Turkey's first fully homemade car is an electric crossover SUV

Pininfarina had a hand in designing TOGG's inaugural EV.

Turkey has long been partly dependent on foreign automakers, but it's about to claim independence in a big way. TOGG, a consortium of Turkish companies, has unveiled an electric crossover SUV as the country's first fully homegrown car (outside of help from Italian design firm Pininfarina, that is). It won't be a modest undertaking, either. While the base options will provide a single 200HP rear-axle motor (good for 62MPH in 7.6 seconds) and a 186-mile range, you can spec it out to a 400HP dual-motor setup (0-62MPH in 4.8 seconds) and 300 miles of range.

The machine will be quick enough to reach an 80 percent charge in 30 minutes on sufficiently fast (roughly 150kW) chargers.

It'll be technically savvy beyond the powerplant. TOGG is boasting of a "Slow Traffic Pilot" that will offer Level 2 semi-autonomous driving, with a platform that could upgrade to Level 3 autonomy "and beyond." The interior controls are nearly all-digital, including a Porsche-style passenger display and a claimed holographic assistant that will use eye tracking to provide information while keeping your eyes on the road. You can also expect a constant internet connection that will both link the SUV to the grid and deliver over-the-air updates.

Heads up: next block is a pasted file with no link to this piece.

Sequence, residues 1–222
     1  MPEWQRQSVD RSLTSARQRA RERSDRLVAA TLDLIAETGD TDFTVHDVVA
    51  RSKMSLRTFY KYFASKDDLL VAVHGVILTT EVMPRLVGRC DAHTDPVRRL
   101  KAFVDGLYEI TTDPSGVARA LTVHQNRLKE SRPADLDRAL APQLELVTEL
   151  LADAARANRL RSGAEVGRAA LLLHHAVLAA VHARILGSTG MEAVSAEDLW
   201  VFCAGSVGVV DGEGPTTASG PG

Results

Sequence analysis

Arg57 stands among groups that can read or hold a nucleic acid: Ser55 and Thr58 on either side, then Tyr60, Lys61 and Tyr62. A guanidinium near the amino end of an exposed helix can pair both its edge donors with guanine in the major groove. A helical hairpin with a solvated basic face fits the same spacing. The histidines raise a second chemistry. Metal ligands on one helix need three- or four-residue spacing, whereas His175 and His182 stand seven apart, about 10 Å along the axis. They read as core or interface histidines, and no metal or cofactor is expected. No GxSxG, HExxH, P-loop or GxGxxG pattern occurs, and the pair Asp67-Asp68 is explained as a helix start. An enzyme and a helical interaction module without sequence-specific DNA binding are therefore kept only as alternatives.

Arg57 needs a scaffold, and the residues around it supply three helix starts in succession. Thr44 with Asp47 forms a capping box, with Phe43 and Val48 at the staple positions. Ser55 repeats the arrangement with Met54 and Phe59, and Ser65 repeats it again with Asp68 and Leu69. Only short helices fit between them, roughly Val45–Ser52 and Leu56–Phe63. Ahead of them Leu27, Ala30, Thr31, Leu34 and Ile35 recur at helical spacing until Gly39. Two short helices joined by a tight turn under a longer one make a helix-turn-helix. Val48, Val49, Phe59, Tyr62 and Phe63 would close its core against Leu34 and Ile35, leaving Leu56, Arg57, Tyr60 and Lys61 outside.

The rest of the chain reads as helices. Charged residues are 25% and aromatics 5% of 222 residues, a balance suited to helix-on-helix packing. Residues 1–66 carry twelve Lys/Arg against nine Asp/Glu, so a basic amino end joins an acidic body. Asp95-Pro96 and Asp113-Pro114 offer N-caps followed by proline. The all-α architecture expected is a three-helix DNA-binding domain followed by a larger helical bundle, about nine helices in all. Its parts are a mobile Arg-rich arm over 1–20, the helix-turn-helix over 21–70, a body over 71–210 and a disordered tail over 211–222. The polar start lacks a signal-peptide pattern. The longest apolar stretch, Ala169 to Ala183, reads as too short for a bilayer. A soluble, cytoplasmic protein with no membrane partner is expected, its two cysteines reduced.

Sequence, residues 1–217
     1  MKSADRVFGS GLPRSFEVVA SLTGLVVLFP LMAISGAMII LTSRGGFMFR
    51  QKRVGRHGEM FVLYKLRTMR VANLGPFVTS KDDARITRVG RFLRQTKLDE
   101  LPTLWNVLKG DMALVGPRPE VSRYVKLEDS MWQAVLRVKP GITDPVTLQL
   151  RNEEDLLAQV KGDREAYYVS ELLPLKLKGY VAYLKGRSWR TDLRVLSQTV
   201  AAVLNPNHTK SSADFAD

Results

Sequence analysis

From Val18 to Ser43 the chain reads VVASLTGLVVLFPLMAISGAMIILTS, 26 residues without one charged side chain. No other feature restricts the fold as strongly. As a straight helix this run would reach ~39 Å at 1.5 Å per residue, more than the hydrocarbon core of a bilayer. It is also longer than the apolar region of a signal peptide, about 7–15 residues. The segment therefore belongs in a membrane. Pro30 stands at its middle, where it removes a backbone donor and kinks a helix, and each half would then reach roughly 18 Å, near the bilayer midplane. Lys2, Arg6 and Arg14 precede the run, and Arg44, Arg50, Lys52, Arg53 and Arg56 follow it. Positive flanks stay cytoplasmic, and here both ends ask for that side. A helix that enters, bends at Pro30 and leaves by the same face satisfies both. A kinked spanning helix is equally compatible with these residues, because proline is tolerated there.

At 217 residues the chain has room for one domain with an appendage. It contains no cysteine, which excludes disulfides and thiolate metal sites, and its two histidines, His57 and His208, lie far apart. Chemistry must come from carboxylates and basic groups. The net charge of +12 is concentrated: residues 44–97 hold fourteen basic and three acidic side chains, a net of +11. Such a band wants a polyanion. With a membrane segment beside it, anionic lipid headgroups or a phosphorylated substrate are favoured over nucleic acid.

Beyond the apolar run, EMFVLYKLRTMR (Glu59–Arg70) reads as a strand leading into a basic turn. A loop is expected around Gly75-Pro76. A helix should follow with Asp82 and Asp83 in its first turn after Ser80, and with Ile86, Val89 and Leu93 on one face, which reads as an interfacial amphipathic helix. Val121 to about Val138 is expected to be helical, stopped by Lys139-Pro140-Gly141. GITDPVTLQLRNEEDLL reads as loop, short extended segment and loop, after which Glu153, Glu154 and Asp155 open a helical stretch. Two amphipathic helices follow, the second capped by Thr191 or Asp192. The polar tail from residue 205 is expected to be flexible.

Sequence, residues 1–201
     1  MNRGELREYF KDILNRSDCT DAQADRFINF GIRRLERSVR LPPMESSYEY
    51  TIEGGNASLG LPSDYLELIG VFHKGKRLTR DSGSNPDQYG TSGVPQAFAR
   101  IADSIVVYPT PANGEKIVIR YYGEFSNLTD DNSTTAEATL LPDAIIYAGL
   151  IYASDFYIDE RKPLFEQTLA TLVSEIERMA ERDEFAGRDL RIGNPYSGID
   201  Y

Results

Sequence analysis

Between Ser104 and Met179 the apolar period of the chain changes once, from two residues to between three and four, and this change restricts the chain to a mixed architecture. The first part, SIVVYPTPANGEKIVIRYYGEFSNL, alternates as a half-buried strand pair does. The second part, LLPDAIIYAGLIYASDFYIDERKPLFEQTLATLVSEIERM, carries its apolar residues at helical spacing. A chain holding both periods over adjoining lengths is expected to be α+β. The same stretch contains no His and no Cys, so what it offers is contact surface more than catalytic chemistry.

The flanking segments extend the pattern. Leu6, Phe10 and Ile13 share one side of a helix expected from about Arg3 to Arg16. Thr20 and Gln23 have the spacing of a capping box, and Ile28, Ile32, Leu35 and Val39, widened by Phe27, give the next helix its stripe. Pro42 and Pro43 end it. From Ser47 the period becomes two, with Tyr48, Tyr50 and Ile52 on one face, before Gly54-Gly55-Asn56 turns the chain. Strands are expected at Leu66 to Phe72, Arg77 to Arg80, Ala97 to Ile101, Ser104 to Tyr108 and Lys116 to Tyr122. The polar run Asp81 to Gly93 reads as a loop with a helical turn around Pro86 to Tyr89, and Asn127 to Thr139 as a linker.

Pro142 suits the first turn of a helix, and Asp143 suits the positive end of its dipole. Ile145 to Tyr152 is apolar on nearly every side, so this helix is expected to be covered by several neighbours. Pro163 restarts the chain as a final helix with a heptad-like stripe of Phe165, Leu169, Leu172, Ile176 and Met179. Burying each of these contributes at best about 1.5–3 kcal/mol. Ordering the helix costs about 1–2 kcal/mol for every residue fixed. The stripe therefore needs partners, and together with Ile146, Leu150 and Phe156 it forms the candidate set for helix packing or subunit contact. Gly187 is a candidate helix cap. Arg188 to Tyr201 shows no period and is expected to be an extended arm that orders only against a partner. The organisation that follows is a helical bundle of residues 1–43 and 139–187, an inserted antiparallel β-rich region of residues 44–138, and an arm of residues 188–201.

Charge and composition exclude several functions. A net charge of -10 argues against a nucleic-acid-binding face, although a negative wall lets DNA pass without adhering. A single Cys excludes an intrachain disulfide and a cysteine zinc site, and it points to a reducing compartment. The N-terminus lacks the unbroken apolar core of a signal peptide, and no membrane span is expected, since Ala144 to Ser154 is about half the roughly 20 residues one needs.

TOGG hasn't outlined pricing, but expects the SUV to arrive in 2022 alongside the necessary charging infrastructure. There's also a concept sedan, so this likely won't be the only vehicle in the mix.

While the crossover is clearly meant to elicit national pride, it also draws attention to Turkey's income inequality. TurkStat estimated that the average yearly income in Turkey is equivalent to just $4,576, with people in Istanbul making a still-modest $6,102. Even if TOGG's vehicle is relatively affordable (we wouldn't count on it given the underlying tech), there's a good chance it'll be far less accessible than EVs are in the US. It could be a long, long while before there's an EV that many Turks can afford.